Miniature spoons have been quite popular with spoon collectors throughout history. One of the favorite acquisitions amongst spoon collectors are genuine silver salt spoons and if these are unobtainable then reproductions are the next best option.
A few hundred years ago salt used to be served like sugar in an open bowl. These salt bowls were quite small and meant for only one person to use. As a result there were several on the table during a Victorian dinner party. These salt bowls were called salt cellars and they required tiny silver salt spoons to extract the salt. These spoons were usually no more than 3 inches long with a bowl that measured around ½ an inch to ¾ inch across. Each sterling silver salt spoon was ornately decorated.
As time went by the salt cellar became obsolete and the salt spoons became antiques as well as collectors’ items. Today modern reproductions are being made and they have become quite popular amongst sterling silver salt spoon collectors.
The food pusher is a child’s utensil. Usually the food pusher would be accompanied by a small child size spoon. It was the tradition to give a sterling silver spoon and matching sterling silver food pusher to parents for their new baby. The food pusher was used when the child was a baby to push food onto the spoon during feeding time. As the child grew they would use the food pusher themselves in preparation for learning to use a fork.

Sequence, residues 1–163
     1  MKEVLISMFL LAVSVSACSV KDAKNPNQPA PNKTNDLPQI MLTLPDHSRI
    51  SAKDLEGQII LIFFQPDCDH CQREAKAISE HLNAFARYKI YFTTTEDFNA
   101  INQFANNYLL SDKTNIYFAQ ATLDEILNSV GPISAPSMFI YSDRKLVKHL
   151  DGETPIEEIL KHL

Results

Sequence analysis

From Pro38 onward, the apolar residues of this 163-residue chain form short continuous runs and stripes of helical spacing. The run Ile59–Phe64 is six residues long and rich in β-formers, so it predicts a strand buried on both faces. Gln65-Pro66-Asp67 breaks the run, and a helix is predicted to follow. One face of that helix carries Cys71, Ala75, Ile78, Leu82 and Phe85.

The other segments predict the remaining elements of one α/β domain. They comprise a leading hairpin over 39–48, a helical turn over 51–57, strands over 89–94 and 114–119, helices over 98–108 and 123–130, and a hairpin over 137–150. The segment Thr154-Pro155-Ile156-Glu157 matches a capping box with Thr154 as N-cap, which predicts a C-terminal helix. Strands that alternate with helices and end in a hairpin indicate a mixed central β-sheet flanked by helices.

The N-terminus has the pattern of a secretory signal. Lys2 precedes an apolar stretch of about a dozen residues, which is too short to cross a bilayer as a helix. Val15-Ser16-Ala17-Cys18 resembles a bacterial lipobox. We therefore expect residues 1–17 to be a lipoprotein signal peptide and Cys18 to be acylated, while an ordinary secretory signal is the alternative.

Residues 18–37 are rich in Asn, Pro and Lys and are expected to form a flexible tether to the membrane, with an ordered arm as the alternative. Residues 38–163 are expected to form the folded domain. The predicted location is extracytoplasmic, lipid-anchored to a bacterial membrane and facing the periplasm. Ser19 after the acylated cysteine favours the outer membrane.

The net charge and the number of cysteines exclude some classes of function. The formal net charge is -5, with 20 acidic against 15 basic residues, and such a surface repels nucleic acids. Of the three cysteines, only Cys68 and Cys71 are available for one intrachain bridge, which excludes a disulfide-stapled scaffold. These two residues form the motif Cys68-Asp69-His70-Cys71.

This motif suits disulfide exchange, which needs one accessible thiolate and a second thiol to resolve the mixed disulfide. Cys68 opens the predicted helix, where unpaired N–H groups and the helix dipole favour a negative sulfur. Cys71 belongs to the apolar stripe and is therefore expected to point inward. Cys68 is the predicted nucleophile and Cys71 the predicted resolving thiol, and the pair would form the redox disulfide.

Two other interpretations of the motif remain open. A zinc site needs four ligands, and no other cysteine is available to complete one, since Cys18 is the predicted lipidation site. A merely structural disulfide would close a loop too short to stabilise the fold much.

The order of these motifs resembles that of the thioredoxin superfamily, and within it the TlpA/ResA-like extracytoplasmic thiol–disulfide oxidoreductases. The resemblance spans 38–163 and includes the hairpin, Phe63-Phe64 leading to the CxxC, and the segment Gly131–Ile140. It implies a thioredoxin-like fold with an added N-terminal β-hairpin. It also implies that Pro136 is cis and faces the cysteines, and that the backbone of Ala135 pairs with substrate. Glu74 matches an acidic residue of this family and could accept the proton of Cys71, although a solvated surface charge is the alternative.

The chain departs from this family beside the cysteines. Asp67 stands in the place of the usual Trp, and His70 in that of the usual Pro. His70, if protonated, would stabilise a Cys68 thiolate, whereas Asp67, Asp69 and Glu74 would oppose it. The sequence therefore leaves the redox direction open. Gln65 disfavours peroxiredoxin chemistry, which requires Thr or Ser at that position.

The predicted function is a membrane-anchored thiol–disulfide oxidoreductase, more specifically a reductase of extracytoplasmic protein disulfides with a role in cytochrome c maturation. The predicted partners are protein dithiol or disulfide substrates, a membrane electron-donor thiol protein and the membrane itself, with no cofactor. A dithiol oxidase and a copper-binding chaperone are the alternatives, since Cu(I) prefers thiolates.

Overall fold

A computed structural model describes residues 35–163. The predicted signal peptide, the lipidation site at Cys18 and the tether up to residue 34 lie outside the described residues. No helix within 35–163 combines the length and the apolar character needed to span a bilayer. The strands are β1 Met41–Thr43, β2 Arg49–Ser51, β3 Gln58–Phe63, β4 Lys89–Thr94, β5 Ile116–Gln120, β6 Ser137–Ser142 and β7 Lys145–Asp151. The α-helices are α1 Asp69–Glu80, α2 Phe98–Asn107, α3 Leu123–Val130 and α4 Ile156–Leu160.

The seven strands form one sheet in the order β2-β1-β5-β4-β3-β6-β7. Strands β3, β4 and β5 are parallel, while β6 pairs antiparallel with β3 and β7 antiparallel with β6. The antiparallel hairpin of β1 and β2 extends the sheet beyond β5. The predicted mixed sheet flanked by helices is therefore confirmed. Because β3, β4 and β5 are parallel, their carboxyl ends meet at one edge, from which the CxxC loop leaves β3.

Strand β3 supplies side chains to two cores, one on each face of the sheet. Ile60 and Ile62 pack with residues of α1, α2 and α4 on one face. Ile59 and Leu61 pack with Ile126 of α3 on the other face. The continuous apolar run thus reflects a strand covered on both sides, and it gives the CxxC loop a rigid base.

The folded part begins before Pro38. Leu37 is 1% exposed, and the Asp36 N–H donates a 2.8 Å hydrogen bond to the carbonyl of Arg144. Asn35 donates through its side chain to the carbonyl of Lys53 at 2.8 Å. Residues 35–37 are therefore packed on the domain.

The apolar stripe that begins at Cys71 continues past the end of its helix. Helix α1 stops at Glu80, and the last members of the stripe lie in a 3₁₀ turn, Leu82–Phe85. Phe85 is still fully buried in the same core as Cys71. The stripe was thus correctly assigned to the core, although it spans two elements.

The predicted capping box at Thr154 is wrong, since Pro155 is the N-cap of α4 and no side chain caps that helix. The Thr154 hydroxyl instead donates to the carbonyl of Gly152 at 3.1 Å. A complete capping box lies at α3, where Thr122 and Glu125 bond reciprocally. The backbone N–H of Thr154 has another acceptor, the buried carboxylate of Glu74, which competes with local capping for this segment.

The food pusher has a flat handle so it is easier for small hands to grasp. In addition its shape prevents it from lying flat on a dish making the food pusher that much easier to pick up.
The sterling silver food pusher was made popular during the late 19th century. Affluent families liked to throw elaborate dinner parties. An ornate table was set to impress the guests. This table setting included numerous pieces of silverware for the different courses. Even children had their own silverware set including spoons with long handles called pap spoons for feeding babies. There were also miniature spoons and forks for little hands as well as food pushers to push food onto a fork or spoon.
When tea first became popular in the early and mid 18th century, the loose tealeaves were kept in ornate boxes called tea caddies. To extract the tea leaves from these boxes the tea caddy spoon was developed. The handles were short to fit inside these small tea chests quite easily. As tea became more popular and easier to find the sterling silver tea caddy spoon was mass-produced and became less of a work of art compared to its predecessors. The earlier tea caddy spoons were usually hand carved and molded into romantic or earthy shapes.
Tea Caddy Designs
The most popular design for the sterling silver tea caddy spoon was the shell. It was thought the shell became popular because genuine seashells were actually left in side tea chests that were sent from China. Other earthy designs also became popular such as the leaf and flower. The sterling silver acorn nut spoon was another popular choice for a tea caddy spoon with the base of the spoon looking exactly like an acorn.
From silver salt spoons to tea caddy spoons the 18th and 19th century were popular for the crafting of miniature utensils. Most of these tiny utensils were hand molded and crafted and took on many forms. This was especially true of silver salt spoons that were known for their kaleidoscope of the designs.